ERIC Number: ED200467
Record Type: RIE
Publication Date: 1980-Jul-9
Reference Count: 0
An Educational Research Framework Applied to a Secondary School in Japan.
Sekiguchi, Reiko W.
A framework for studying educational institutions is presented and used to analyze girls' high schools in Japan from 1899 to 1928. The framework is based on understanding of the interactions among the role of the school or institution, individual personalities, the nature and extent of technological development, and biological systems (the dimension created by crossing individual and collective realities). A case study is presented of how this framework can be applied to an educational system--in this case, the schools authorized in Japan by the Higher Girls School Law of 1899. Dimensions used to analyze these schools include: (1) historical background (corresponds to the biological dimension--specifically, a comparison of a school's history and development with the development of an individual from birth through the senior citizen stage), (2) educational aims (corresponds to the role system), (3) family background of students (corresponds to the technological and economic development dimension), and (4) motivation of students to attend a higher girls school (corresponds to the personality dimension). Findings from the application of this framework to analysis of the higher girls schools indicated that the major school objective was to teach girls to be good wives and mothers. In addition, most girls who graduated from higher girls schools married men with higher education degrees; a high percentage of girls came from families headed by fathers in government and commercial positions or in the field of medicine. Finally, most of the students were highly motivated to continue their education to the higher girls school level (the highest level available to females during the time period under study) because they had performed well in primary school and were encouraged by parents and teachers to continue. (DB)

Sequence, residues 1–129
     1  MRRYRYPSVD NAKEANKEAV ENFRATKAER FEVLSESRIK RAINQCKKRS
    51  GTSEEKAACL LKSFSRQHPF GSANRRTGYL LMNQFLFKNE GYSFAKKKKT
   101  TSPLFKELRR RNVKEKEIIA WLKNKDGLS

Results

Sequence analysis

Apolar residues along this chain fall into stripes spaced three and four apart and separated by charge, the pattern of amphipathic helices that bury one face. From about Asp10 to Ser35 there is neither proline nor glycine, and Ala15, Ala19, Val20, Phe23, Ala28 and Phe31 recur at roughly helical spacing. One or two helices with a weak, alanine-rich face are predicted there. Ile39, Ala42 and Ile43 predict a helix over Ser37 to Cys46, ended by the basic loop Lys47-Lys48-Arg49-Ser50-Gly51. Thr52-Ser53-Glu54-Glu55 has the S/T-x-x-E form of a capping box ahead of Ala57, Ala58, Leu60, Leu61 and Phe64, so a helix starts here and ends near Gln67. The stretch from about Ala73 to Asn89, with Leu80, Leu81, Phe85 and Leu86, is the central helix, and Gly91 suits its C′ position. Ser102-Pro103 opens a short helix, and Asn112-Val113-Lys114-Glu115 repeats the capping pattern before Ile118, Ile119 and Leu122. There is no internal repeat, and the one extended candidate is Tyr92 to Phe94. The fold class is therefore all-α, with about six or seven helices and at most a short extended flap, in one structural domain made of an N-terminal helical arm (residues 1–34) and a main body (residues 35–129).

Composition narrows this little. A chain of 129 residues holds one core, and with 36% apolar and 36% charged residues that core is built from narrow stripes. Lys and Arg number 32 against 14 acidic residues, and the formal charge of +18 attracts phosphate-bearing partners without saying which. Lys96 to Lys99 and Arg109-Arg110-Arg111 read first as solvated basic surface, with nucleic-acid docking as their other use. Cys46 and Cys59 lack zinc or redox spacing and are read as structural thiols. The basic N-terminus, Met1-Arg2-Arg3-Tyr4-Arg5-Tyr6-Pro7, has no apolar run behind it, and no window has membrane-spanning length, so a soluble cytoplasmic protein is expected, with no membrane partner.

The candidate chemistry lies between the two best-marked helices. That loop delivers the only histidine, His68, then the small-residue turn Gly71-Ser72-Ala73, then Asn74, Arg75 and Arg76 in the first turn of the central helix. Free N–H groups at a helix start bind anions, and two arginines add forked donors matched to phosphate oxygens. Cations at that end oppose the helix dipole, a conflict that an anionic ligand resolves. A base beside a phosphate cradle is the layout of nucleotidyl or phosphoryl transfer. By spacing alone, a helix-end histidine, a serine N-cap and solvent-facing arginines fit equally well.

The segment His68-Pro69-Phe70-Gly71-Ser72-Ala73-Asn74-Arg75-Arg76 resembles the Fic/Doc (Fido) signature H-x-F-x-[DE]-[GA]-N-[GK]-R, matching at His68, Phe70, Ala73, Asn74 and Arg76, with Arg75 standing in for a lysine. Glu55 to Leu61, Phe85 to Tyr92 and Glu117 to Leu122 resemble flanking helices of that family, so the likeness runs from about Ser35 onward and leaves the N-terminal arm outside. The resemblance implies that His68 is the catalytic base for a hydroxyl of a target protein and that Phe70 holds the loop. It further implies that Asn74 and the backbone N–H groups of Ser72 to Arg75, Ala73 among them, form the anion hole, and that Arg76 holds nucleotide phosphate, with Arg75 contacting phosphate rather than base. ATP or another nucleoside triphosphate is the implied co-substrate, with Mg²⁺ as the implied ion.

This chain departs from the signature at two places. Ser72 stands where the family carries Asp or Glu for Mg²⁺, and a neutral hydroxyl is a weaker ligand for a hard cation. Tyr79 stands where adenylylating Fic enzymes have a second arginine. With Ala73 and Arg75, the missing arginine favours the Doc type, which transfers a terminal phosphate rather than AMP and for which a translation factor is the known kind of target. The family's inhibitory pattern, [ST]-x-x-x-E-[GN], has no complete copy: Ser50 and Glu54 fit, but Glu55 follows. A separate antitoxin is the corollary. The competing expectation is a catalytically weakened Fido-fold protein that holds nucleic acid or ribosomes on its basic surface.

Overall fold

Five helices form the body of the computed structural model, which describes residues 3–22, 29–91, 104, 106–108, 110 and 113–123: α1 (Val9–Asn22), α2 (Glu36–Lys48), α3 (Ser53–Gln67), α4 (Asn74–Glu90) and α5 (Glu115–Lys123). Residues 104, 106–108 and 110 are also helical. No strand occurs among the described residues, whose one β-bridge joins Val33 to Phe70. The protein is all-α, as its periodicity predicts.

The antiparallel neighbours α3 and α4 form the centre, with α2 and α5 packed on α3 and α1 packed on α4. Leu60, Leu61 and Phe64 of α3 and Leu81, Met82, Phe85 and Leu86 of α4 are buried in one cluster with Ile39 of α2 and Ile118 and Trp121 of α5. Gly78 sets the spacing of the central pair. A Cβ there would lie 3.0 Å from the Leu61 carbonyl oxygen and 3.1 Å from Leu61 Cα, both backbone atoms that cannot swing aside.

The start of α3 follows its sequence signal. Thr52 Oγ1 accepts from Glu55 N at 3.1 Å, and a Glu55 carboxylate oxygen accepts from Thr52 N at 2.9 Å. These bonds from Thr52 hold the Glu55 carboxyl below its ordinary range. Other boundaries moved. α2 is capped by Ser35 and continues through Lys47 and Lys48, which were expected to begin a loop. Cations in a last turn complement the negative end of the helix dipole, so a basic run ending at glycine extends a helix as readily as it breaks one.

Descriptors: Academic Achievement, Case Studies, Comparative Education, Educational History, Educational Objectives, Educational Practices, Educational Research, Females, Foreign Countries, High Schools, Institutional Evaluation, Organizational Objectives, Secondary Education, Single Sex Schools, Student Characteristics, Student Motivation
Publication Type: Opinion Papers; Speeches/Meeting Papers
Education Level: N/A
Authoring Institution: N/A
Note: Paper presented to the World Congress of Comparative Education Society (4th, July 9, 1980).